Now, talking about sub clocks means pointing straight to a category of timepieces that is normally used for even ten per cent of its possible.
What's it to get the best, which for him to dive to over 1,000 meters of thickness would be as simple as "drinking a glass of water", when the person has fastened his wrist into the max following a dip along with a few strokes, then return immediately to lounge under the umbrella?
If this is their main use it is only the fault of old habits at least as much as the introduction of the so-called divers of the modern age that dates back into the center of the previous century.
The incorrigible need to be the protagonist of the best diving watches
Three decades later, in 1953, Blancpain devised the Fifty Fathoms, among the most iconic timepieces the group can boast, has been tied to Jacques-Yves Cousteau's wrist to battle the depths of their well-identified abysses at "The Silent World", a famous documentary -film also winner of an Oscar award.
Continuing, I believe that even non-fans will remember well one of the first Rolex Submariner appear several times with Sean Connery, Agent 007 in the film Goldfinger shot of 1964. Tied to his wrist turned into a legend. It turned out to be a mythical reference 6538 no-guard, to know each other with no crown shield shoulders, imitated a bit by everybody.
These are only a couple of the very first cases that reveal - fiction or fact - for more than fifty years, the press - driven by the watch sector - determined the diver watches ought to be the very first to personify the idea of man-adventure. Maybe it's also from this day the manufacturers in regards to describing their versions started to use the term: "appropriate for any event".
The 007 shift, sadly also the mythical "Mr. Q "- the inventor of all of the mechanics of the most well-known spy on earth, and clearly also the opinion whose function was played with the Omega Seamaster for many years.
But beyond their actual use in this large family whose origins would only have to deal with "hard even more than steel", today there are also versions so bejeweled to fear even when you have to wash the hands.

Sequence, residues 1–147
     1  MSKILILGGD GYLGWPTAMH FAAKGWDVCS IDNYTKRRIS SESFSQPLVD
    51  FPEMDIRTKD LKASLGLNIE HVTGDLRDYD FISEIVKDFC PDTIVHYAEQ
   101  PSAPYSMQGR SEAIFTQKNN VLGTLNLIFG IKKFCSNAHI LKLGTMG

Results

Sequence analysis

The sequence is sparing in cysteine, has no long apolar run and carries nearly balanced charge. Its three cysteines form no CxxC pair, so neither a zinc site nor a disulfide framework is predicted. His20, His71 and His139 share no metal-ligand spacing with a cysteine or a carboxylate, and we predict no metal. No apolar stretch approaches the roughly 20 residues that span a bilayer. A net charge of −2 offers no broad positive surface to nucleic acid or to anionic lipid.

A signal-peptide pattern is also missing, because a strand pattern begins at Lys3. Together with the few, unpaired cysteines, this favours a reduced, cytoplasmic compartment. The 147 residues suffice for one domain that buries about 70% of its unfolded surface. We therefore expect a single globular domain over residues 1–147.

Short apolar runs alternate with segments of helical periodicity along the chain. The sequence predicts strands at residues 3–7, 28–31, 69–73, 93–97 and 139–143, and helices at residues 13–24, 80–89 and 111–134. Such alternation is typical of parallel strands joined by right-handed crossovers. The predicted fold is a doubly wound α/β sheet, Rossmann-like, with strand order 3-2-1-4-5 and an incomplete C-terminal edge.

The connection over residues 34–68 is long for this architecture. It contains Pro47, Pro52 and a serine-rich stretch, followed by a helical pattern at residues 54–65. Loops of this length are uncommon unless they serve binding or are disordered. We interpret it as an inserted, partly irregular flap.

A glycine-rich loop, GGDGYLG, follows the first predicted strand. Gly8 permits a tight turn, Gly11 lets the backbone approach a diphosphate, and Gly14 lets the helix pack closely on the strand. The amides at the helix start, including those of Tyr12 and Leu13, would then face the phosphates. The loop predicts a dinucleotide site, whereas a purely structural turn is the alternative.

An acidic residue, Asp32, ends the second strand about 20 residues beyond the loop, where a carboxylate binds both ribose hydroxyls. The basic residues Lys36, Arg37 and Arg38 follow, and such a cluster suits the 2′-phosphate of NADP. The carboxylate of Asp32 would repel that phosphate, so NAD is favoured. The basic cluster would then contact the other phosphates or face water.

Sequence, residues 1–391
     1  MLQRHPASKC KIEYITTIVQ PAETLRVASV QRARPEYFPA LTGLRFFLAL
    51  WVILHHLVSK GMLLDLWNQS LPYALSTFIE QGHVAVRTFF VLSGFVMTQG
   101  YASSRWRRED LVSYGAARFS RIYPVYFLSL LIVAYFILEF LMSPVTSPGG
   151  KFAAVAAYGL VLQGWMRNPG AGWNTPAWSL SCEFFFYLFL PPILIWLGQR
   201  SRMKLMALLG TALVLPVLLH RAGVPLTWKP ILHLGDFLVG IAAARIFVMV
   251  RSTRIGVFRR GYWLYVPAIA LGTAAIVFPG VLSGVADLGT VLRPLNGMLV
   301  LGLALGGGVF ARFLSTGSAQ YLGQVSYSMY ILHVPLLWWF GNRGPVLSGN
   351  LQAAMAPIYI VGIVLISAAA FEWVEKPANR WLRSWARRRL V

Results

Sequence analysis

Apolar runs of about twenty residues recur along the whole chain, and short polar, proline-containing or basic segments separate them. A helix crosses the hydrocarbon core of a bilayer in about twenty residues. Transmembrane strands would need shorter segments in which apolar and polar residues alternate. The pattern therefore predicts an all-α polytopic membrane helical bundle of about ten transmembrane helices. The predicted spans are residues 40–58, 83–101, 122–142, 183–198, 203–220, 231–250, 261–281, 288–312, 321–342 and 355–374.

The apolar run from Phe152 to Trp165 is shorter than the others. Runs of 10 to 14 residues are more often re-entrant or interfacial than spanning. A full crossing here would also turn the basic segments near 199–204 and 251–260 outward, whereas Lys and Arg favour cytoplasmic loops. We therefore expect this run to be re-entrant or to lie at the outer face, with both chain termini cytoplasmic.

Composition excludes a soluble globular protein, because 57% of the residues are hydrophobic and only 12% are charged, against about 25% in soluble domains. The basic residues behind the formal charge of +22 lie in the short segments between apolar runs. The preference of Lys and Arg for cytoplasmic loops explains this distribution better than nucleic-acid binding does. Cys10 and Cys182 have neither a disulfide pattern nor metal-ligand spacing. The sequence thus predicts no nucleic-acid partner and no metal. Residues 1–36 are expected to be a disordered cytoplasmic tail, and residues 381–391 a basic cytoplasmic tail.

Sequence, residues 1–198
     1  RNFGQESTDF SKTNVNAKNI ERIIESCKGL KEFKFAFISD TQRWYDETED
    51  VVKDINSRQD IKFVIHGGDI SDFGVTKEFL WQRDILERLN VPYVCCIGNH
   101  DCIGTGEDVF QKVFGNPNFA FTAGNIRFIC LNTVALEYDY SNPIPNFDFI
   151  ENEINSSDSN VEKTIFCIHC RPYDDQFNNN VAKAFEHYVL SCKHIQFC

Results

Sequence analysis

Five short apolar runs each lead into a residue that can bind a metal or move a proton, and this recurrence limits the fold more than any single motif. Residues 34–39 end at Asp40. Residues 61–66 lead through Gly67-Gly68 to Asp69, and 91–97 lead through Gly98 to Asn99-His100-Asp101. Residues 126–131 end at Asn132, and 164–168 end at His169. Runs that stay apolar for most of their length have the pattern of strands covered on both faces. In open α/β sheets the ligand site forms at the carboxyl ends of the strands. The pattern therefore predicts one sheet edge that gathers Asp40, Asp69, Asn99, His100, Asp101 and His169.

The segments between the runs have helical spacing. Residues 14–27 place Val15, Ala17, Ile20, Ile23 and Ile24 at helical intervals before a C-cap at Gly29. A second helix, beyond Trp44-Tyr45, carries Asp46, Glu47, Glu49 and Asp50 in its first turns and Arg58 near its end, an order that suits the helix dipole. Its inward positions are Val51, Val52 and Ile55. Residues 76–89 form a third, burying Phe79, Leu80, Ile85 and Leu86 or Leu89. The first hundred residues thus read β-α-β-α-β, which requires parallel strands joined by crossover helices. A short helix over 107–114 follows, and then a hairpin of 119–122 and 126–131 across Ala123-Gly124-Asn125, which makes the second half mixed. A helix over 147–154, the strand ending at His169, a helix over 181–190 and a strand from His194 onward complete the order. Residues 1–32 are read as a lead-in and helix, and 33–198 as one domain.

However, a true diver's watch has generally always had a lot to say technically talking. Let us just mention the features and constructive characteristics of those references.
I've a long-standing friend who's an expert diver and that, throughout his diving at the Persian Gulf, makes 100 percent of his diving watch - including that valve for the escape of gaseous mixtures that are breathed at high depths.
A real wrist sub must be able to guarantee the following performances:
Excellent visibility throughout the dip
A defense against magnetic fields superior to the norm
Resistance to impact and salt water
Accurate verification of the operation of the device that reports the dive time
An in-depth test of the efficacy of its motion, either quartz or mechanical
However, the tests didn't end here: now professional diving watches must adhere to specific rules such as those described by ISO 6425.
For a common mortal use, that which we know is the best, the best sub may be ultimately a watchable to offer features much milder and easier to manage.
I remember that in order to simply immerse the surface at maximum security, a timepiece should be certified to withstand a pressure of 5 ATM (approximately 50 meters), which appears to be redundant, but this isn't so when it is done a banal swim in the sea. It would be better to avoid diving, particularly if ours couldn't even rely to a screw-on crown, better still if protected on the sides by the classic two shoulders.
And the security on the watertight status of this submerged timepieces?
Precisely for those who would never use them for specialist purposes the ideal is to have the ability to rely upon a device cheap dive watches that visually signals on the dial in case the crown is not completely screwed, as well as the watch is therefore in a clear condition of non-security.
Sadly, this really is the primary reason why even an abyssal super dive watch may need to be hurried into a service centre, before seawater entering it risks compromising any mechanism indefinitely. This function currently exists, however on hardly website any models, which frankly I do not understand why.
You might have worn out your diving diver's watch in your wrist in order to go to the sea and as a result, after adjusting the moment, have left to twist the crown snugly. It is the most frequent case.
Suggestion - When you've worn the costume pick on the fly either leave your diver somewhere safe, or obligatorily create a closing but basic check on the tightening of the winding crown.
Now that we've seen together a bit 'of problems linked to the time that has to satisfy the water, and given the necessary information, I reveal you which - at least to date - are for me the best dive watches.
They're not many: I've split them into two categories. The order in which they appear does not signify any position.